Hard to Short Crude
Geoffrey A. Smith
So, how many people are tired of seeing the price of crude around $100 a barrel? I, for one, am tired of it, especially since I have two driving teenagers. And every time it looks like it is going to finally fall, it bounces right back up again. It seems as though it wants to go up, and therefore it is a hard market to short.
Crude is hitting its head on $100 a barrel as of today. The interesting thing is that the last time it was up at $100 per barrel is when the ES futures were trading around 1300, as opposed to the current price of 1190. From the August lows, the ES has bounced about 17% and crude about 30%. This means that if the economy is going to improve, traders think the demand for crude will increase very quickly and they want to be ahead of the ball.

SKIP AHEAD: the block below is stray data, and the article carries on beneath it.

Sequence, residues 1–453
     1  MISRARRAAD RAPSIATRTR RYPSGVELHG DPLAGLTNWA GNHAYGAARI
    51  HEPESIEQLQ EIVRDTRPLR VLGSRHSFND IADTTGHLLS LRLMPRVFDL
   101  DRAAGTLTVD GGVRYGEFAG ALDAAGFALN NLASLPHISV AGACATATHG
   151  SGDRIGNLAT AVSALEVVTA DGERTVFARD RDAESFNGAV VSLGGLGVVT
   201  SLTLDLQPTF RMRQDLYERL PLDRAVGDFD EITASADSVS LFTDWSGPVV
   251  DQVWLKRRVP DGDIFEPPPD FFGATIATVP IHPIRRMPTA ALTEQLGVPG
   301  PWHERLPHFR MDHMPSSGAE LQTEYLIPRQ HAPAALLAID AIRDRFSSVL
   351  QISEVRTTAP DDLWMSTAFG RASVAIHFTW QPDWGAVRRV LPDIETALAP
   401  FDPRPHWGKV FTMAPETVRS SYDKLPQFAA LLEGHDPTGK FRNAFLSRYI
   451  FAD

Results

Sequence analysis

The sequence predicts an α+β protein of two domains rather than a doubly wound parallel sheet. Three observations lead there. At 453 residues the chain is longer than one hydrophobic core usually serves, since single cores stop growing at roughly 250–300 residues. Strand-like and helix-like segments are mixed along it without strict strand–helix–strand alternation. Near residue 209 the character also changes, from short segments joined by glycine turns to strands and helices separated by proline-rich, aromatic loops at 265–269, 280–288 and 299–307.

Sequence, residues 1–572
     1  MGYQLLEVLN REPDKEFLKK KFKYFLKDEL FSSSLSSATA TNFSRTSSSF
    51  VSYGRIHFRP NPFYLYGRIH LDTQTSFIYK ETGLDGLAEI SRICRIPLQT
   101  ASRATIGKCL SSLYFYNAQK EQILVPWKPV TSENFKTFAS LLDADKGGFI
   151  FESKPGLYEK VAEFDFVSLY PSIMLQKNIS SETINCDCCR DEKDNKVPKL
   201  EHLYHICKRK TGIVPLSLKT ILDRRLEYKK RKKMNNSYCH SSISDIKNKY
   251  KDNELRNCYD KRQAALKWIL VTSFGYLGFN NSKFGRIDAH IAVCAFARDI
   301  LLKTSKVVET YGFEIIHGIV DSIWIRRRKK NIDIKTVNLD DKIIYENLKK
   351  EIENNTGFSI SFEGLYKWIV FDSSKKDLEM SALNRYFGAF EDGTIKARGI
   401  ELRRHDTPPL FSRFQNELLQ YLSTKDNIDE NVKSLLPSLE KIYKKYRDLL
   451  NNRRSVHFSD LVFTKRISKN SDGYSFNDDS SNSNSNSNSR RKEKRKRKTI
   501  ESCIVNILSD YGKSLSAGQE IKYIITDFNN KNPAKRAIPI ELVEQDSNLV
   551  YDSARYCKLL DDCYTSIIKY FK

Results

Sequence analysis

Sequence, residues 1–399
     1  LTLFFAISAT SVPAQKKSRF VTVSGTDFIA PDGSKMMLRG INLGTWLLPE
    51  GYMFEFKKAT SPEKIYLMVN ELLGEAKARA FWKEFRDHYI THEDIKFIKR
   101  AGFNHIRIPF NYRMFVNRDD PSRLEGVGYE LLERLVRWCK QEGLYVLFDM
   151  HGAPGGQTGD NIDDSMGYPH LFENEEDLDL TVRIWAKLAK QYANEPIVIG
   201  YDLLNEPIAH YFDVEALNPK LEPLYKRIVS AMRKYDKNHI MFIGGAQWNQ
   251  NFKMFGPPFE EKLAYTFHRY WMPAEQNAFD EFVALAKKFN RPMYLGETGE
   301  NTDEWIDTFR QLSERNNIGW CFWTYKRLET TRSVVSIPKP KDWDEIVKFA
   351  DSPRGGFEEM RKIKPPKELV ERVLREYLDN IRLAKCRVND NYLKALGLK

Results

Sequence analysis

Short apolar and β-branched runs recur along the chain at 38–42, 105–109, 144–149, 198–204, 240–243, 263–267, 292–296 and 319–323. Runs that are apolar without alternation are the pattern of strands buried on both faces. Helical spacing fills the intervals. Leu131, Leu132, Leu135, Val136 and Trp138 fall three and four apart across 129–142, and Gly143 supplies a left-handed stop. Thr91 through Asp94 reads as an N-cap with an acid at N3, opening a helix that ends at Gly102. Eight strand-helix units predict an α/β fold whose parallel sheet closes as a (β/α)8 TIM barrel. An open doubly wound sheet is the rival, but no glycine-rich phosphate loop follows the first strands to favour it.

Below is a weekly chart of crude futures with a 3 week, 21 week, and 65 week simple moving average. Notice the 3 week average has broken above the longer term averages back around $92 per barrel. This uptrend will be confirmed once the 21 week average moves above the 65 week average for the long term. As long as crude stays above $92, look for long positions. One bullish strategy involving futures options would be to look at a bull put spread. An example of this would be to sell the 92 and buy the 89 January (CLF12) put spread that expires on 12/15/11. It will bring in around $500 credit with a max loss potential and margin of $2500 (total spread less credit). For those bearish on Crude, several strategies to consider would be shorting Crude Oil, Bear Call Credit Spreads or a Put Debit Spread. Crude Oil ETF's to consider are: XLE, USO, OIH along with several Oil Service stocks.
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